Transmitter identification became more sophisticated with AM and FM voice transmissions, but the phase and amplitude imperfections at the start of transmission were still key fingerprint features. Discrete components varied, and even their exact position during assembly produced some variation straight from the production line.

    Essentially all of that is gone with modern radios. Frequency-agile radios require a design the minimizes frequency deviation, and modern assembly techniques results in astonishing consistency. There might be characteristics of a chip type, but you aren't going to be identifying the specific device.

    And that's pretty much what they found, even if the headline suggests otherwise.

  10. nautica Bronze badge
    Big Brother

    Surprise, surprise, surprise!

    "...on some Apple devices disabling Bluetooth in the Control Center (the menu accessed by swiping down from the top of the screen) may not stop it from beaconing."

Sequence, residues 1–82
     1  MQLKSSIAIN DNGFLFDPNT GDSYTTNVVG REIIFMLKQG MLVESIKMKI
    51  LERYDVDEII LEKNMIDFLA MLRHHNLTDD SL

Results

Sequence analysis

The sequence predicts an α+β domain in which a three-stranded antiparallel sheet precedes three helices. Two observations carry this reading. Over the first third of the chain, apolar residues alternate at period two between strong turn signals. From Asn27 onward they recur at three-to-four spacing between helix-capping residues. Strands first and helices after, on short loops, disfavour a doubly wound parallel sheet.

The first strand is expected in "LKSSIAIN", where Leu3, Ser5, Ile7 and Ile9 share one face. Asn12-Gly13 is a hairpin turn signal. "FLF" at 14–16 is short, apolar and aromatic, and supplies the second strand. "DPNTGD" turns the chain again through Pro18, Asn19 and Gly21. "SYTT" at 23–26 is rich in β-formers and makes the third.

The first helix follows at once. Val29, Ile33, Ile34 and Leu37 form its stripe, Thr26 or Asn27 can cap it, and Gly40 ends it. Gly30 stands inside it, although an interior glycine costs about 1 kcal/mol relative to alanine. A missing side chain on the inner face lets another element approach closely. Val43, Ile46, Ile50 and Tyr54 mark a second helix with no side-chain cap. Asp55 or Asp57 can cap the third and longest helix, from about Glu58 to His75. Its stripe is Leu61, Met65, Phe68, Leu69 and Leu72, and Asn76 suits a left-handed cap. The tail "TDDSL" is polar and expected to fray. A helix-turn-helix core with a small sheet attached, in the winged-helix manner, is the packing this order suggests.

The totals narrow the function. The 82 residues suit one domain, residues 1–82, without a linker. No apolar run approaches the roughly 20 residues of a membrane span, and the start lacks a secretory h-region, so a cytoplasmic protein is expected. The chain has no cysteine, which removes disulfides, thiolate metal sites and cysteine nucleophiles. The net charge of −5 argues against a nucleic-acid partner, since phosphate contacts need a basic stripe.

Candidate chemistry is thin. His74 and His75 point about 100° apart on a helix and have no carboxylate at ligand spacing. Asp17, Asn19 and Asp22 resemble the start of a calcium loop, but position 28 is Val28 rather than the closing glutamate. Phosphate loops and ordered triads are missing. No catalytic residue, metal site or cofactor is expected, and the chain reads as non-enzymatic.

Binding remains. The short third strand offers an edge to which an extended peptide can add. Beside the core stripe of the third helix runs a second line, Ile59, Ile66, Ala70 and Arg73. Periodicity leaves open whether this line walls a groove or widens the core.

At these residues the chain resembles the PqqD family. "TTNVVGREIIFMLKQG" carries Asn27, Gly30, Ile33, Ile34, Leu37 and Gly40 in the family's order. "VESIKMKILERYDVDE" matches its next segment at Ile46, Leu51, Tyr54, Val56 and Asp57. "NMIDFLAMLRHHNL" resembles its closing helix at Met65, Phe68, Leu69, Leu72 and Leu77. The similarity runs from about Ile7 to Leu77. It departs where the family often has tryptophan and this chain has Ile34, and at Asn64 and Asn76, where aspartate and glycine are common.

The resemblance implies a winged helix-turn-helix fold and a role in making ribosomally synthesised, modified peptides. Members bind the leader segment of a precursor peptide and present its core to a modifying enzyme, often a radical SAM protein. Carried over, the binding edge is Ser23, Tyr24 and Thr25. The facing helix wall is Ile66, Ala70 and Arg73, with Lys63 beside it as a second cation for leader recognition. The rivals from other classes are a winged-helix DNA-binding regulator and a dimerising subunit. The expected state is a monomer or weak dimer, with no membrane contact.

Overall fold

1. Anonymous Coward
      Anonymous Coward

      Re: Surprise, surprise, surprise!

      But it does set

      fHasSomethingToHide = true;

  11. karlkarl Silver badge

    OpenBSD doesn't support bluetooth and I can't say I ever miss it.

    So unless my ThinkPad hardware is emitting becons without OS support, I should be "noise free".

    What exactly do people use Bluetooth for? I can seriously only think of gimmicks that can be solved and improved with a simple thin cable (headphones) or standard wireless / IR (wireless mouse / keyboard).